A letter from an attorney which encloses amended returns from a client which are complete and accurate (reporting legal source income omitted from the original returns), which offers to pay the tax, interest, and any penalties determined by the IRS to be applicable in full and which meets the timeliness standard set forth above.
Example 2 (Barter Exchange)
A disclosure made by a taxpayer of omitted income facilitated through a barter exchange after the IRS has announced that it has begun a civil compliance project targeting barter exchanges but before it has commenced an examination or investigation of the taxpayer or notified the taxpayer of its intention to do so. In addition, the taxpayer files complete and accurate amended returns and makes arrangements with the IRS to pay in full, the tax, interest, and any penalties determined by the IRS to be applicable.
Example 3 (Tax Scheme, IRS Compliance Project)
A disclosure made by a taxpayer of omitted income facilitated through a widely promoted scheme that is the subject of an IRS civil compliance project. Although the IRS already obtained information which might lead to an examination of the taxpayer, it not yet commenced any such examination or investigation or notified the taxpayer of its intent to do so. In addition, the taxpayer files complete and accurate returns and makes arrangements with the IRS to pay in full, the tax, interest, and any penalties determined by the IRS to be applicable.
Example 4 (Unfiled Returns, IRS Notice)
A disclosure made by an individual who has not filed tax returns after the individual has received a notice stating that the IRS has no record of receiving a return for a particular year and inquiring into whether the taxpayer filed a return for that year. The individual files complete and accurate returns and makes arrangements with the IRS to pay, in full, the tax, interest, and any penalties determined by the IRS to be applicable. This is a voluntary disclosure because the IRS has not yet commenced an examination or investigation of the taxpayer or notified the taxpayer of its intent to do so and because all of the elements set forth in (3), above have been met.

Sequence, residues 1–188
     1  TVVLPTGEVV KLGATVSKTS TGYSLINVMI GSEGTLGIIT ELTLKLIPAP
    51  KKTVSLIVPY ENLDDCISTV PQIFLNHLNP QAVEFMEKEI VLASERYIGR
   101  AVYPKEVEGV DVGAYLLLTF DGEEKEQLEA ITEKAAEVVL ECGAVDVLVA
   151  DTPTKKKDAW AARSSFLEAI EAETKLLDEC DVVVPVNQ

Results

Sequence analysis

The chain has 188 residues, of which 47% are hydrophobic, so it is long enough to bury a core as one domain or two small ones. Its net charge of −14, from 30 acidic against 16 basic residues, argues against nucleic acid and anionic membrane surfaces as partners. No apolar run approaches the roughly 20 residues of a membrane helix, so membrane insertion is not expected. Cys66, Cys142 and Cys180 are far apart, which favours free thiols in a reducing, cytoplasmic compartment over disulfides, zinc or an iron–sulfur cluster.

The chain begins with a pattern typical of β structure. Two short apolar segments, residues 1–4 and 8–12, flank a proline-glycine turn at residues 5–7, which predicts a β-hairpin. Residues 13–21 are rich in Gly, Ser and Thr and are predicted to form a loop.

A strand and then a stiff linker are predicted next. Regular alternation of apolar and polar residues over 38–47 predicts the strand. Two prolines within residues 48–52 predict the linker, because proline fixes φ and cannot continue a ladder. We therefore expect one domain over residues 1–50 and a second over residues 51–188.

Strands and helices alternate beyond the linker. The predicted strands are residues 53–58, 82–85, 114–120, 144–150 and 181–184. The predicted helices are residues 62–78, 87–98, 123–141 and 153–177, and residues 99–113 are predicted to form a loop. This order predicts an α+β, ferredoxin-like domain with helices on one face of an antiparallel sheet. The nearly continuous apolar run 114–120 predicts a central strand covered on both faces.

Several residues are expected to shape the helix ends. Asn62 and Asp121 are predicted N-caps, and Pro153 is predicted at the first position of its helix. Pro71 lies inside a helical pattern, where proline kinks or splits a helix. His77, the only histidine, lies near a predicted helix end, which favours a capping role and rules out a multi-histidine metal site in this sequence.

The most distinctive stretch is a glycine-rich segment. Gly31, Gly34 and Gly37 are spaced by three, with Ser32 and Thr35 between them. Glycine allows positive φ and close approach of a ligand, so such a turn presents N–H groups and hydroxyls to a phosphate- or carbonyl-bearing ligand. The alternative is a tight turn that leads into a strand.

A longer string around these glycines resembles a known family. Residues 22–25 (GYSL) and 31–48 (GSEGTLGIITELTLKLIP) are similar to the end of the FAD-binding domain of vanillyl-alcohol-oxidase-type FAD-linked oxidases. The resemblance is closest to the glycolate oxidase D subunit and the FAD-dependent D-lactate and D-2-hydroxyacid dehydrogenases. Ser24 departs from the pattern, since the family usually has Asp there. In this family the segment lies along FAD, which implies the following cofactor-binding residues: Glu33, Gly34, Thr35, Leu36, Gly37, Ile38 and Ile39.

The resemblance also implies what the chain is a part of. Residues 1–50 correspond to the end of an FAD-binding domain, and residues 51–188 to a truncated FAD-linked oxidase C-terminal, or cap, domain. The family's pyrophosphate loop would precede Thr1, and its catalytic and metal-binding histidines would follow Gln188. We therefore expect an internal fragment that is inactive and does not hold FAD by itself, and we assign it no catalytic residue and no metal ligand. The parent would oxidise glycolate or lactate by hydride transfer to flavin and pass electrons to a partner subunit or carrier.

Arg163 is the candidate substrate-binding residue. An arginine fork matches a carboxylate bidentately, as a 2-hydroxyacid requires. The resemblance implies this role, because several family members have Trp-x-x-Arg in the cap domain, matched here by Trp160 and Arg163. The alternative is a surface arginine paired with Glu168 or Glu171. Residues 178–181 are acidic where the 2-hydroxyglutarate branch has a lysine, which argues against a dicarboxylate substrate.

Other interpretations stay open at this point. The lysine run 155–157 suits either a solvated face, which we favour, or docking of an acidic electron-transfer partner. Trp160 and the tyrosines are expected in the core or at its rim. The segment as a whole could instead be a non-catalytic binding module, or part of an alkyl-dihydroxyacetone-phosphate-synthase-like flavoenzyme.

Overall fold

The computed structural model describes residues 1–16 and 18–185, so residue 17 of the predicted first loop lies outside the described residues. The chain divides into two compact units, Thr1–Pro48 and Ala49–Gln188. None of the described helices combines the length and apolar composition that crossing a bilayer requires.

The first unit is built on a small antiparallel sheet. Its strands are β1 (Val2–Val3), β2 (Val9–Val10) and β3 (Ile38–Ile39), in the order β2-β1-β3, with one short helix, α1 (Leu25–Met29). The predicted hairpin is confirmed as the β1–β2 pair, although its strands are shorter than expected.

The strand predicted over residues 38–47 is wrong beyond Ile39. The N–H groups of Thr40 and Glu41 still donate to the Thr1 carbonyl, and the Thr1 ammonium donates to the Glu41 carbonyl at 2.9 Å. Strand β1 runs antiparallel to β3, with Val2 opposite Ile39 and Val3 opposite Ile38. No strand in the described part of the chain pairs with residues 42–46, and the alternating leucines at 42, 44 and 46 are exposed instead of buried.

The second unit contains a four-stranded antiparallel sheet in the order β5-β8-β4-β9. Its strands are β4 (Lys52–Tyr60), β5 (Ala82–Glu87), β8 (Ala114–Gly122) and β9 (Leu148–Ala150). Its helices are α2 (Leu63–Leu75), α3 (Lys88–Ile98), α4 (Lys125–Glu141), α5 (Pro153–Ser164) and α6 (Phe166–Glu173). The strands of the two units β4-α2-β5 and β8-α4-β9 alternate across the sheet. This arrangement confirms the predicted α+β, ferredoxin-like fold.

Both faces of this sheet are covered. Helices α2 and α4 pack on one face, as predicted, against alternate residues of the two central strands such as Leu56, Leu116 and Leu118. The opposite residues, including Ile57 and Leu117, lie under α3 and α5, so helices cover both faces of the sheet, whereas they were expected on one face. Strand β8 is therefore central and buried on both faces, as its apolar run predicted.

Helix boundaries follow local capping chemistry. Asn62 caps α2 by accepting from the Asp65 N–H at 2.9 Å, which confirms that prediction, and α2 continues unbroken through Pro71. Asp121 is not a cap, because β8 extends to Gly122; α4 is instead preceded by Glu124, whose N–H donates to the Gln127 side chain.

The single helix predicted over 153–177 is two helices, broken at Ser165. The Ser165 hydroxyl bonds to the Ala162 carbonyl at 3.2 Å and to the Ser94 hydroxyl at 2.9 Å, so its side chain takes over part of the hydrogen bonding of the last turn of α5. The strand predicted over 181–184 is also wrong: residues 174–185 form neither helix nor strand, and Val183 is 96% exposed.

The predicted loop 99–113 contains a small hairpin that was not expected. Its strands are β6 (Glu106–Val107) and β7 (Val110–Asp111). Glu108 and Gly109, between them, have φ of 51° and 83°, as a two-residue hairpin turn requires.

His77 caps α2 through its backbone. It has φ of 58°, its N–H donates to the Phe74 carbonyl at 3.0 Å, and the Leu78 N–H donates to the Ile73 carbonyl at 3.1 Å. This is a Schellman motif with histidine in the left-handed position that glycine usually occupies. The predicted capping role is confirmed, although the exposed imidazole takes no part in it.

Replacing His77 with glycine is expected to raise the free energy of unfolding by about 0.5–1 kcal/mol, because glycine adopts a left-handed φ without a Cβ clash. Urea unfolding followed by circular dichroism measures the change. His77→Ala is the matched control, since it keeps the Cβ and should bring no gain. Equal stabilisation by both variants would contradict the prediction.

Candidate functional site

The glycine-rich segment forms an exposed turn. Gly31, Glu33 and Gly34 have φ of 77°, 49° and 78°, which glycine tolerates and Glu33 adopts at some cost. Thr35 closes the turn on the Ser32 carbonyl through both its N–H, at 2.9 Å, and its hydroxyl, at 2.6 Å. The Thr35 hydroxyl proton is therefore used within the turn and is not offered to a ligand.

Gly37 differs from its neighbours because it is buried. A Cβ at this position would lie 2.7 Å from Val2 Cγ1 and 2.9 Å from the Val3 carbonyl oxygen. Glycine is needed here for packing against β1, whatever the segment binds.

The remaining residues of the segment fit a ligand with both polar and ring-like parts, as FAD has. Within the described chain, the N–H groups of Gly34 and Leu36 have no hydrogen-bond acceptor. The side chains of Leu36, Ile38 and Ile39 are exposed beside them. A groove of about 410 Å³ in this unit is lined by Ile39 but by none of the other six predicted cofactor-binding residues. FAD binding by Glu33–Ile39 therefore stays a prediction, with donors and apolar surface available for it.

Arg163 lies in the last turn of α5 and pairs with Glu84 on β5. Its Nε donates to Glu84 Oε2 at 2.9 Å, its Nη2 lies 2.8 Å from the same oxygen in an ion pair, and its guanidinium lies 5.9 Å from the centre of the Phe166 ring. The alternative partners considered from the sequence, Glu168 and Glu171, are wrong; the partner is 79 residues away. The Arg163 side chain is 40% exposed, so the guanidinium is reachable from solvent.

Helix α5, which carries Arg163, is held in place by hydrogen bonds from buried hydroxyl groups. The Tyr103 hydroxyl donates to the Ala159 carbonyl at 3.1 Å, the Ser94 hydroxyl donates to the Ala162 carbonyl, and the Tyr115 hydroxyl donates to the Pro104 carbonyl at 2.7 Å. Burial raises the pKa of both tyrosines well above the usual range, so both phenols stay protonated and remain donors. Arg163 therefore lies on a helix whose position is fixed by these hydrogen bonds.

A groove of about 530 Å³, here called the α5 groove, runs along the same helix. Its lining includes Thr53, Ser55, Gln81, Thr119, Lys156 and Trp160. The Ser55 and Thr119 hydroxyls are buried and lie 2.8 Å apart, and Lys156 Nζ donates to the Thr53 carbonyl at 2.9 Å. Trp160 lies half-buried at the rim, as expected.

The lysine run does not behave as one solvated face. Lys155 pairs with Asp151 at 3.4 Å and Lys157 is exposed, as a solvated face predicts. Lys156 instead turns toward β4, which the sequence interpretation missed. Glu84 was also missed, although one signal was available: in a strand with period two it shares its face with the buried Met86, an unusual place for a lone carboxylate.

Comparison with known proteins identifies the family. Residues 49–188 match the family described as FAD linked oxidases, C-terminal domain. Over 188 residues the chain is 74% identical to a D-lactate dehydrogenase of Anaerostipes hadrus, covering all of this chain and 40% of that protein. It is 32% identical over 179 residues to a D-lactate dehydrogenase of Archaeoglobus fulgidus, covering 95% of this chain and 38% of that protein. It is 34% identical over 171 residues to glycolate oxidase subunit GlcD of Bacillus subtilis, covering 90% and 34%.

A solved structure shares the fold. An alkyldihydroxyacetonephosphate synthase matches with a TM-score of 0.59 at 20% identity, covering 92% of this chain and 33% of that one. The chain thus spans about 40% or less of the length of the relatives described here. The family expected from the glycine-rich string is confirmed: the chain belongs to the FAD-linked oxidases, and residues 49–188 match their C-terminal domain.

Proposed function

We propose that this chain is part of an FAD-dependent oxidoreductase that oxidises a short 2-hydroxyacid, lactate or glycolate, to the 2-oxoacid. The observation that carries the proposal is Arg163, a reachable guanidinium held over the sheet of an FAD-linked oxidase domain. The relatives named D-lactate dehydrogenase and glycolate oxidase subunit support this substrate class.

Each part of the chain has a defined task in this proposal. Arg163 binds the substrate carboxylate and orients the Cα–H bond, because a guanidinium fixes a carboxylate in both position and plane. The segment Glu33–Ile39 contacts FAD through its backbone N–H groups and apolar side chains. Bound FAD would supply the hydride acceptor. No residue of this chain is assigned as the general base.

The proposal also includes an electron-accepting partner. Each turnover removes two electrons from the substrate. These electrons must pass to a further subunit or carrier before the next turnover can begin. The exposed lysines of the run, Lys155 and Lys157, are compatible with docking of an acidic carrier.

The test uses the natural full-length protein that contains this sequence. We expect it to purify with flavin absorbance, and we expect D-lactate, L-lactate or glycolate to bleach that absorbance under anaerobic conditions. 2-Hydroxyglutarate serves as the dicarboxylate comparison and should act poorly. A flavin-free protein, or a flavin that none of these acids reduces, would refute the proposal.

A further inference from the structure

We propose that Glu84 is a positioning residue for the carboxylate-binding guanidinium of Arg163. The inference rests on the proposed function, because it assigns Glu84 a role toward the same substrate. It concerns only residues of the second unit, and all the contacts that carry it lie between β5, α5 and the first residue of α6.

What are Disqualifying Factors?
The IRS has listed various factors that will disqualify a person from successfully making an IRS Voluntary Disclosure. These factors include:
If a taxpayer expresses an interest in making a voluntary disclosure, he/she must be asked the following questions to determine if potential disqualifying factors exist:
- Are you currently the subject of a criminal investigation or civil examination? (If yes, specify)
- Has the IRS notified you that it intends to commence an examination or investigation? (If yes, specify)
- Are you under investigation by any law enforcement agency? (If yes, specify)
- Is the source of any of your income from illegal activity?
- Do you have any reason to believe that the IRS has obtained information concerning your tax liability? (If yes, specify.)
*If the taxpayer responds yes to any of the above questions, the facts and circumstances of each investigation must be clarified to determine if it is a disqualifying factor.
How Does the IRS Evaluate the Disclosure?
As with most issues that have a criminal aspect to it, it is typically the IRS Special Agents who will evaluate the submission.
As provided by the IRS:
– Special agents will evaluate disclosures to determine if the information provided is truthful and complete, and shall make a recommendation to the SAC, as to whether or not the taxpayer has met all voluntary disclosure practice criteria.
– The evaluation should be completed as expeditiously as possible, ideally within 10 working days or less from the date the complete voluntary disclosure communication from the taxpayer has been received. The SAC should be apprised if an evaluation cannot be completed within 30 days.
As part of the evaluation process special agents will query the following databases:
- The Criminal Investigation Management Information System (CIMIS)
- Integrated Data Retrieval System (IDRS)
- The Currency and Banking Retrieval System (CBRS) Database
- The National Crime Information Center Database (NCIC)
– The special agent needs to query all applicable databases during the evaluation process of the voluntary disclosure matter including a national query for criminal investigations within the CIMIS database as noted above.
– If the indices checks (or any other evaluative steps) disclose potentially disqualifying information the taxpayer should be contacted and offered an opportunity to provide an explanation.